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Debbie Ryan's Retirement: Reactions from Geno Auriemma, Pat Summitt, Dawn Staley and Other Former Virginia Players

Earlier this morning, the University announced that, effective at the end of this season, Virginia women's basketball head coach of 34 years will be stepping down from the helm of the program she brought into relevance. While at Virginia, she took the Cavaliers to three consecutive Final Four appearances from 1990-1992 and a total of 24 NCAA appearances, and no other team in the ACC has been ranked in the AP and USA Today polls more total weeks or consecutive weeks than the Cavaliers. Only two other teams in the country have made more NCAA appearances than her Virginia Cavaliers (Tennessee and Louisiana Tech).

Debbie Ryan won the Naismith National Coach of the Year in 1991, and has been honored as the ACC Coach of the Year seven times. She made Sweet Sixteen appearances for eleven straight years from 1987-1997, has three conference titles, and 11 regular season ACC titles.

In July of 2008, Ryan was inducted into the Women's Basketball Hall of Fame as a member of its tenth anniversary class.

So it goes without saying, then, that it came as a bit of a surprise to Wahoo Nation to learn the news this morning. Virginia finished the regular season 16-15 (5-9 ACC) and lost 74-68 to Wake Forest in the first round of the ACC Tournament, which could be seen as underachieving. Still, not only were fans surprised, but those around women's basketball expressed the same astonishment. Here's what they had to say:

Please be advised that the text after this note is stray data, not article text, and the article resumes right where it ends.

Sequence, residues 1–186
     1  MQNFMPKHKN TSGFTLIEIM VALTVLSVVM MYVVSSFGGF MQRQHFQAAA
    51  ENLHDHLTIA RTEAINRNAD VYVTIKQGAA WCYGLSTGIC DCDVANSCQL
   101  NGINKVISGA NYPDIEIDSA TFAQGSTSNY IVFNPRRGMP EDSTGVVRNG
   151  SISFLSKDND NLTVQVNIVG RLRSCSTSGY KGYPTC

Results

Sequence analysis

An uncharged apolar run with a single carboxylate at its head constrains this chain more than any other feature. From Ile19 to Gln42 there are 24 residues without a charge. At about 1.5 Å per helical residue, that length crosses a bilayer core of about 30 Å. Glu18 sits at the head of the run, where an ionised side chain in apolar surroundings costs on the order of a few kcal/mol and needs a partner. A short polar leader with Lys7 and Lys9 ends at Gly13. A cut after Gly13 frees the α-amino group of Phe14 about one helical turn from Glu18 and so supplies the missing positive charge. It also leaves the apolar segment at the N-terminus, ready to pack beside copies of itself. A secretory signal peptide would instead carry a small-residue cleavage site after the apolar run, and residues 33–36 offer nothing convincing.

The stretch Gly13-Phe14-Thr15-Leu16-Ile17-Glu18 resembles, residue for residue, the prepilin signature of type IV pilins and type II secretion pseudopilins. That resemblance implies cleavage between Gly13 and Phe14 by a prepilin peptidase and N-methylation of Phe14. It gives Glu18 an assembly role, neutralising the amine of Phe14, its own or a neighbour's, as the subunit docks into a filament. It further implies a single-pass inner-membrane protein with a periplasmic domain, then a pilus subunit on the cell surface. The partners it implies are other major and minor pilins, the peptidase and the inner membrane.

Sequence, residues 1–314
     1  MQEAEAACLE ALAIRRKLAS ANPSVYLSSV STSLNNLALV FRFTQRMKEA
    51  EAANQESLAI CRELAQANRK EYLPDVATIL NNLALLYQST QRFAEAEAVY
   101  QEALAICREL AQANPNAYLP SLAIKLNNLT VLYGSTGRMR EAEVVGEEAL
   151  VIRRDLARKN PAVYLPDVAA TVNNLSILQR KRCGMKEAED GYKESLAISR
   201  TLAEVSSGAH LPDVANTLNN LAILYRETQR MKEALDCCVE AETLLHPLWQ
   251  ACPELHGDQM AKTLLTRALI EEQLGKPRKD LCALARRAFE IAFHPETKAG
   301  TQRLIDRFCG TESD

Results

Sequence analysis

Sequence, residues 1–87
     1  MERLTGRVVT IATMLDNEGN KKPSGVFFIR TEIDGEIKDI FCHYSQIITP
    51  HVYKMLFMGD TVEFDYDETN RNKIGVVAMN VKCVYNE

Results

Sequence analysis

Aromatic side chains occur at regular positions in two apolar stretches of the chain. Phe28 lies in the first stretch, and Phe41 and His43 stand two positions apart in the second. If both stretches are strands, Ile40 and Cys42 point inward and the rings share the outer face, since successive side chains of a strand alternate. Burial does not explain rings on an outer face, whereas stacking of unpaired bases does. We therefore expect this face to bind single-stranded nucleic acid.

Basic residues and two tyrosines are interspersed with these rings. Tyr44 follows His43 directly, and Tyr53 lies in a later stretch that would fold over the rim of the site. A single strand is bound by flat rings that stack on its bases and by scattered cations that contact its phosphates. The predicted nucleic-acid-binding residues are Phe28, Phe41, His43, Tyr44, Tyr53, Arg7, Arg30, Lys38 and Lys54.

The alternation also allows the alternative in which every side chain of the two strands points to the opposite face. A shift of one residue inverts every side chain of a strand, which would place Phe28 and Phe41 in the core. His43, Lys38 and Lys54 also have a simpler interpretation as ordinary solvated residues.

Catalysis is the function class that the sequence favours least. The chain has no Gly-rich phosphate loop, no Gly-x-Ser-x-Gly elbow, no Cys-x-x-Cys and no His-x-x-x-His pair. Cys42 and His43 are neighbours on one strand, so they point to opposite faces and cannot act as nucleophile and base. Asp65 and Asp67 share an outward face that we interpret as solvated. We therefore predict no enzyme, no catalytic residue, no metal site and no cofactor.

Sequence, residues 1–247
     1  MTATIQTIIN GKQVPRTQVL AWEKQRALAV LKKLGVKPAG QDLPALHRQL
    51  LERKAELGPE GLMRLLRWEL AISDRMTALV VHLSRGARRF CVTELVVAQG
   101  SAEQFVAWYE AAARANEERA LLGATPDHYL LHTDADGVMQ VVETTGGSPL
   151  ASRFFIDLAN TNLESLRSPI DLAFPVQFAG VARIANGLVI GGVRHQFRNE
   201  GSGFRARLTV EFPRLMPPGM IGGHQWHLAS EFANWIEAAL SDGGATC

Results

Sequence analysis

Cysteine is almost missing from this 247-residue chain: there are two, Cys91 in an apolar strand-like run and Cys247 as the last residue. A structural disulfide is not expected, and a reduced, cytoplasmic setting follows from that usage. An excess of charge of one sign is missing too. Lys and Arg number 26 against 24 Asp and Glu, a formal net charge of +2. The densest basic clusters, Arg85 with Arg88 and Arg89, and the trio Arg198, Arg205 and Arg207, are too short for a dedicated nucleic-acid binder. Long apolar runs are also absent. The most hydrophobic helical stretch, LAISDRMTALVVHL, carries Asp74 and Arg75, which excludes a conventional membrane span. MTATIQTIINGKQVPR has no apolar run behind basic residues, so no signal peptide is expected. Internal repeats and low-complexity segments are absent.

Connecticut Head Coach and former Virginia assistant coach Geno Auriemma:
"I was as shocked as anyone when I heard the news.  Debbie has been one of the most influential people in my life.  Without the opportunity that she gave me and the support I received at the University of Virginia, my life would be totally different than it is today.  She will be missed by all her players, present and former, but most importantly, the game will miss her."

South Carolina Head Coach and former Virginia guard Dawn Staley:
"Debbie Ryan has been a part of my basketball career for as long as I can remember.  As a player, you don't realize how much impact your coach has on those transition years into adulthood.  We had great games, teams, and seasons but we also had a great UVA family.  Debbie and my teammates are forever a part of my life.As I have grown older and now become a coach myself, I have an even deeper appreciation for Debbie.  She is one of the most honest, dependable, and trust-worthy people I know.  She continues to be one of my mentors.  I stand in line with the rest of our University of Virginia basketball alums who will always cherish and respect Debbie as a coach but more importantly as a person."

Hear a number former Virginia players, as well as Tennessee head coach Pat Summitt, react, after the jump.

Former Virginia guard Dena Evans: